Spiritual guru Marianne Williamson is running for Congress in Los Angeles—and her constituents and supporters are young Hollywood royalty, from Laura Dern to Nicole Richie to Katy Perry. Mainstream types may scoff at her New Agey lingo, but as she puts it, "If everyone with a yoga mat in this district voted for me, I'd win." An exclusive from our June issue.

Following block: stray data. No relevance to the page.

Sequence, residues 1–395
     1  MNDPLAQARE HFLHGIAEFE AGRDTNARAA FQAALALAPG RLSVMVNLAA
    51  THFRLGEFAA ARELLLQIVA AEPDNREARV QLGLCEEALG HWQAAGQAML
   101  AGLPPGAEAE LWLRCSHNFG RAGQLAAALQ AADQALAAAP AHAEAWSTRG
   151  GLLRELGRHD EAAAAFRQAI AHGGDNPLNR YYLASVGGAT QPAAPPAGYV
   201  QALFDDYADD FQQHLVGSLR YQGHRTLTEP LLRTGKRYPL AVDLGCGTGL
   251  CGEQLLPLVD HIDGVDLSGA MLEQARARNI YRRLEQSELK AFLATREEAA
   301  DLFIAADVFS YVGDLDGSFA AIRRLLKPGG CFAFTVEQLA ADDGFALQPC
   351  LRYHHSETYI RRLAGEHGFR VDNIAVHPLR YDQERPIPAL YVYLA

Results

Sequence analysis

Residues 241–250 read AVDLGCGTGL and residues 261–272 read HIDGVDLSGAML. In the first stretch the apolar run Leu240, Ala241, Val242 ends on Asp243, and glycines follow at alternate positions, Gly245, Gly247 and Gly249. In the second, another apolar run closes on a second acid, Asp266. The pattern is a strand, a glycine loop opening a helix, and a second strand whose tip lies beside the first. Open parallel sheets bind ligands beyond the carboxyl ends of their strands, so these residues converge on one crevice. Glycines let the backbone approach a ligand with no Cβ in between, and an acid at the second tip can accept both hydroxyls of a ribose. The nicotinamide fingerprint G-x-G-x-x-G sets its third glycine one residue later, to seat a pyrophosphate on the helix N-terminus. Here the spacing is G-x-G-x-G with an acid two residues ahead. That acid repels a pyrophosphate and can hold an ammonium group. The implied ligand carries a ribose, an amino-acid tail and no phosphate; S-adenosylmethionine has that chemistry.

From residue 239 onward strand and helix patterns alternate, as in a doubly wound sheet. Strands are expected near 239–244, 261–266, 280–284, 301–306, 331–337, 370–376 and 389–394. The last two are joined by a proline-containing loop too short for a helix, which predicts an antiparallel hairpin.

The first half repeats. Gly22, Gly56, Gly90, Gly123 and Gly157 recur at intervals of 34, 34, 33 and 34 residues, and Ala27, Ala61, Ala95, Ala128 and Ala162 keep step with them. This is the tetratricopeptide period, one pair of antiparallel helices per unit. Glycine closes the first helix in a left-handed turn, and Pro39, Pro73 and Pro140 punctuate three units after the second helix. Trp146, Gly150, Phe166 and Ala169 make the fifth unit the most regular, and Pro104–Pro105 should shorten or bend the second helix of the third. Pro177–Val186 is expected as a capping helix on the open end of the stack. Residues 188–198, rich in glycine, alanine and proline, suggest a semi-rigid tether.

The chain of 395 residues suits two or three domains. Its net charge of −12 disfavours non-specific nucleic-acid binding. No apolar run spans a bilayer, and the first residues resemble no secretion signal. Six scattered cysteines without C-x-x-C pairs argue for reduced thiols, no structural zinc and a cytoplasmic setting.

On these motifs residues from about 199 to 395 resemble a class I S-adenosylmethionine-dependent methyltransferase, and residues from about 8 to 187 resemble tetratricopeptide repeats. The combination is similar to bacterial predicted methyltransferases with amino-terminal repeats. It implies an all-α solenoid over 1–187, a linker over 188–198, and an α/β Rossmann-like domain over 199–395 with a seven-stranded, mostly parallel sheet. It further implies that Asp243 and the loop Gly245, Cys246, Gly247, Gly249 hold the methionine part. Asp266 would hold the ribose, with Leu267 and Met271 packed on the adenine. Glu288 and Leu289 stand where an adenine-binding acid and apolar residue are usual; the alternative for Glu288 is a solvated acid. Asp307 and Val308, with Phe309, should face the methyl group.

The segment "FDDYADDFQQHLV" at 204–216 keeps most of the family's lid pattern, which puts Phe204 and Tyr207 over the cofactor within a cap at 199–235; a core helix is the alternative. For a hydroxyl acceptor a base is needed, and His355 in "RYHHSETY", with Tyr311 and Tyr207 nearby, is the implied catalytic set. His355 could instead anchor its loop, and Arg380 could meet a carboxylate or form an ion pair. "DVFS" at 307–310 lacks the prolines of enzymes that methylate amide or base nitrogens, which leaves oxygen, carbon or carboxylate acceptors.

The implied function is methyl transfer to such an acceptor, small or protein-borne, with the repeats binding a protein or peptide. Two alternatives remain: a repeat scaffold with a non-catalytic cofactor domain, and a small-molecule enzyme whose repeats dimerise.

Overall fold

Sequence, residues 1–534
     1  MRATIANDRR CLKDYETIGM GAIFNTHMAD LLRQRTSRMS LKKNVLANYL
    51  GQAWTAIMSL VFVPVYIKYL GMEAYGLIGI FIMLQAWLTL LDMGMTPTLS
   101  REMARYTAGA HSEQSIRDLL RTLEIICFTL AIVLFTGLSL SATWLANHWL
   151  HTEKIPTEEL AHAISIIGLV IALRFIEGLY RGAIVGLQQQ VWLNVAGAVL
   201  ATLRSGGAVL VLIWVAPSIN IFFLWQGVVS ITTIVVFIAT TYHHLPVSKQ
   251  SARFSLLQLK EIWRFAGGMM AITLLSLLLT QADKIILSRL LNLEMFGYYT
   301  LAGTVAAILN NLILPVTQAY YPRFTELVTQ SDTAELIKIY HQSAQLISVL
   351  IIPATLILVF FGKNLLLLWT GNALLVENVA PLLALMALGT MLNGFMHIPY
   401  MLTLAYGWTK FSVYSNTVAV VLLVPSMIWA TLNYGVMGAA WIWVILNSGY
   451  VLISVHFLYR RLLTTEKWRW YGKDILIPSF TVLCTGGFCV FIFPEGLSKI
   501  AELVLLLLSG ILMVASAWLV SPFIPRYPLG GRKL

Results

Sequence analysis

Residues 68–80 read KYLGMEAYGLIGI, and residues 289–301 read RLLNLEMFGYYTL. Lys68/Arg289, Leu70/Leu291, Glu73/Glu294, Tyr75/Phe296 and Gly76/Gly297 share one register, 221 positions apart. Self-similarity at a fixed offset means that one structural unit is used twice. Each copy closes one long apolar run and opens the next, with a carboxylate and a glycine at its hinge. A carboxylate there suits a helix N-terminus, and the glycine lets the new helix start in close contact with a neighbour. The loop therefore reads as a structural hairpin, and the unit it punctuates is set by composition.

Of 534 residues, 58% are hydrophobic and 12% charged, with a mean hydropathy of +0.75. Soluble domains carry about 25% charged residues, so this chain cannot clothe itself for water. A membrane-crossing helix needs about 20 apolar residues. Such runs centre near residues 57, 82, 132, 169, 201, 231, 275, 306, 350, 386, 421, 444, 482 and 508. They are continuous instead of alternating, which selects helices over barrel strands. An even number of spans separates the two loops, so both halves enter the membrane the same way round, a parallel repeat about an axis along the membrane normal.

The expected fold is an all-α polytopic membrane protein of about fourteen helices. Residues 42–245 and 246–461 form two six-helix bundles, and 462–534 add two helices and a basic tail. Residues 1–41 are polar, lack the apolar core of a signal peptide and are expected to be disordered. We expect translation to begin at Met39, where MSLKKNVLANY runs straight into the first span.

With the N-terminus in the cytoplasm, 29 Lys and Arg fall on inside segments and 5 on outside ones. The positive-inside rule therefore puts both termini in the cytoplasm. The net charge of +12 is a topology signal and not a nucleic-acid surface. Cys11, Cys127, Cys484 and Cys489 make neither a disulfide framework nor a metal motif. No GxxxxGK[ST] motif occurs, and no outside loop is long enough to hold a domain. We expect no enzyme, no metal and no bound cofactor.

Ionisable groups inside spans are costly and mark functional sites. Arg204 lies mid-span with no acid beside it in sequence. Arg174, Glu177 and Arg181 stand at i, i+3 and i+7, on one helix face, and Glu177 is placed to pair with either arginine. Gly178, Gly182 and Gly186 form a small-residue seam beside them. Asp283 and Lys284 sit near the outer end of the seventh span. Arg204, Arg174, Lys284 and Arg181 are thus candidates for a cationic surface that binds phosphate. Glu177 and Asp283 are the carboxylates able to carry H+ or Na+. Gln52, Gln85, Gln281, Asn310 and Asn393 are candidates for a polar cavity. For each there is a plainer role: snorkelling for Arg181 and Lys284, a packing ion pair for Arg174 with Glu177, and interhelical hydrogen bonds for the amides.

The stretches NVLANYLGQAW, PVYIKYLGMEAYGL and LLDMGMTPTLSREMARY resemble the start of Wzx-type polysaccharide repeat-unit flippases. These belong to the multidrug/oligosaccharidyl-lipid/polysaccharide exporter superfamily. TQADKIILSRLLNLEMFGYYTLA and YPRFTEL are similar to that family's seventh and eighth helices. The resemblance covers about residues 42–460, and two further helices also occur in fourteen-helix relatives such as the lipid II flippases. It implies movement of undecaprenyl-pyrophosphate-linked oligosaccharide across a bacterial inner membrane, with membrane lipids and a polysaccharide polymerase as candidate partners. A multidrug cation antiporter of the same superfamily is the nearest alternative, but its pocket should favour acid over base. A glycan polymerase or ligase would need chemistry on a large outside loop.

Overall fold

On a chilly night in December, I arrived at a nondenominational New Age church in Venice, California—a “sacred temple,” according to its website, where “celebration services” are held Sundays at 11:11 a.m.—to attend a volunteer meeting for Marianne Williamson’s congressional campaign. Williamson, the best-selling author of 13 spirituality-based self-help books that have together sold more than 3 million copies (her first book, A Return to Love, sold a million after Oprah praised it on-air) has met with Hillary Clinton at Camp David and the White House, officiated at Elizabeth Taylor’s (last) wedding, and preached to enormous crowds in Hollywood and Beverly Hills for more than 30 years. One might call her a guru, and many do, though she despises the word: “When someone is called a spiritual guru in today’s world, and certainly in American culture…it seems to carry a less-than-respectful attitude,” she says. The word has been employed frequently of late, by somewhat mystified political journalists charged with describing her second, apparently un-guru-like act: Last October, Williamson declared her candidacy for the seat of California’s Henry Waxman, the venerable Democrat who announced in January that he was retiring from the House of Representatives after 40 years. ( read more)